Call for AAG 2013 Abstracts:
Geographic Information Ethics and GIScience
- Geographic technologies are surveillance technologies. The data they produce may be used to invade the privacy, and even the autonomy, of individuals and groups.
- Data gathered using geographic technologies are used to make policy decisions. Erroneous, inadequately documented, or inappropriate data can have grave consequences for individuals and the environment.
- Geographic technologies have the potential to exacerbate inequities in society, insofar as large organizations enjoy greater access to technology, data, and technological expertise than smaller organizations and individuals.
- Georeferenced photos, tweets and volunteered (and unvolunteered) geographic information can reveal private information. Those data that are increasingly publicly available and used to study societal phenomena raise significant privacy concerns.
Papers in this session again engaged with the above issues in relationship to GIScience, including such topics as:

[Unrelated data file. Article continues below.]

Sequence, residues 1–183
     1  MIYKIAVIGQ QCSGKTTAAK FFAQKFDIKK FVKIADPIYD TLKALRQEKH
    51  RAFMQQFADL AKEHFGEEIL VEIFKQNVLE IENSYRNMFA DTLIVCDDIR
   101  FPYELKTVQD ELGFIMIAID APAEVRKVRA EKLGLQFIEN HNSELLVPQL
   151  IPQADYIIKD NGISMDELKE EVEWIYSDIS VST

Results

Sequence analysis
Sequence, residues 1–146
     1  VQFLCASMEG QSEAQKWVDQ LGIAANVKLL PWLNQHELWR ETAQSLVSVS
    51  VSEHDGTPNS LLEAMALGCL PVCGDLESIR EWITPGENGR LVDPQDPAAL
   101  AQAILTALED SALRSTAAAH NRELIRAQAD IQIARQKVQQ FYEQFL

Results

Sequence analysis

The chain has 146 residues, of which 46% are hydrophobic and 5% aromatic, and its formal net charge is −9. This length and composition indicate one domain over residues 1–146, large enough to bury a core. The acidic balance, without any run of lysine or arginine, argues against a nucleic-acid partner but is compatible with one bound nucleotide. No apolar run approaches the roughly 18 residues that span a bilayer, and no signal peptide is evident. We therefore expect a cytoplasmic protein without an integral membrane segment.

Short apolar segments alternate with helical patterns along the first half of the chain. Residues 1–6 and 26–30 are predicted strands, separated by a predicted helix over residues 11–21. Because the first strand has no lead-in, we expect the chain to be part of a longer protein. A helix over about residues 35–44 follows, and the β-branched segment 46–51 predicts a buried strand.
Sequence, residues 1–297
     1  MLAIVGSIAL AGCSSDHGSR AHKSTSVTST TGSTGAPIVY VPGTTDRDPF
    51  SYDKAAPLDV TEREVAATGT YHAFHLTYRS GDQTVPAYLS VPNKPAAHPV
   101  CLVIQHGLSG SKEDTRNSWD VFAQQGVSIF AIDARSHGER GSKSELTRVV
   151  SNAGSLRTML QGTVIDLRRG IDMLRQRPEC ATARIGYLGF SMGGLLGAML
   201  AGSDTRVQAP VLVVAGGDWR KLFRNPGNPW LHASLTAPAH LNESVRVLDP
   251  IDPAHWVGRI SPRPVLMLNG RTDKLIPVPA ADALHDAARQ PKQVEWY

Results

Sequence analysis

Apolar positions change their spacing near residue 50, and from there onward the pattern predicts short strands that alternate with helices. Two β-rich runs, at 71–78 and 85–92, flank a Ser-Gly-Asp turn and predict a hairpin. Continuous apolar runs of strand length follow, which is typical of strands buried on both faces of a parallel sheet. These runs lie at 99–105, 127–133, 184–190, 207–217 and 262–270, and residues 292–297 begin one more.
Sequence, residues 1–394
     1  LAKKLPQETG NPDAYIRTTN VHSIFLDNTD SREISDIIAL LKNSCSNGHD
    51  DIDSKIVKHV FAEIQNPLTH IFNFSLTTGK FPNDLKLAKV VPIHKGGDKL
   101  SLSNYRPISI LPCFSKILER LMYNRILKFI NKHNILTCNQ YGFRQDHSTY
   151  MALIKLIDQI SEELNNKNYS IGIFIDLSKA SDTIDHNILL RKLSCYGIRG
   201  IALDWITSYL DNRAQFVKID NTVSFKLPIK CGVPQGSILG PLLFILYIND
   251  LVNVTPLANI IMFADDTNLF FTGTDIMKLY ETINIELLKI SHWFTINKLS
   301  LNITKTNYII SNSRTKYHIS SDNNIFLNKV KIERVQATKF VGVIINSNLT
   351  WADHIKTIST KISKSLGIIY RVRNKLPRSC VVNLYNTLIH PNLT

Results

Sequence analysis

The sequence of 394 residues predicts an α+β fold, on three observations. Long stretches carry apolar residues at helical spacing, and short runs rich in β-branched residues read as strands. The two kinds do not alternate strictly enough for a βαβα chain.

- case studies, curriculum development, or the pedagogy of teaching GIS ethical issues;
- issues of privacy, surveillance, inequity, erroneous or inappropriate data concerning geographic technologies;
- codes of ethics and conduct of professional organizations;
- GIS professional development;
- reflections on the changing nature of ethical issues in GIS&T
These sessions are co-sponsored by the AAG GI Systems & Science and Ethics, Justice, and Human Rights Specialty Groups.
- Please register for the AAG 2013 meeting and submit your abstract online following the AAG Guidelines (http://www.aag.or/cs/anualmeeting/call_for_papers).
- Please send your paper title, PIN, and abstract no later than Wednesday, October 20 to Rodolphe Devillers (email@example.com), Francis Harvey (firstname.lastname@example.org), or Dawn Wright (email@example.com).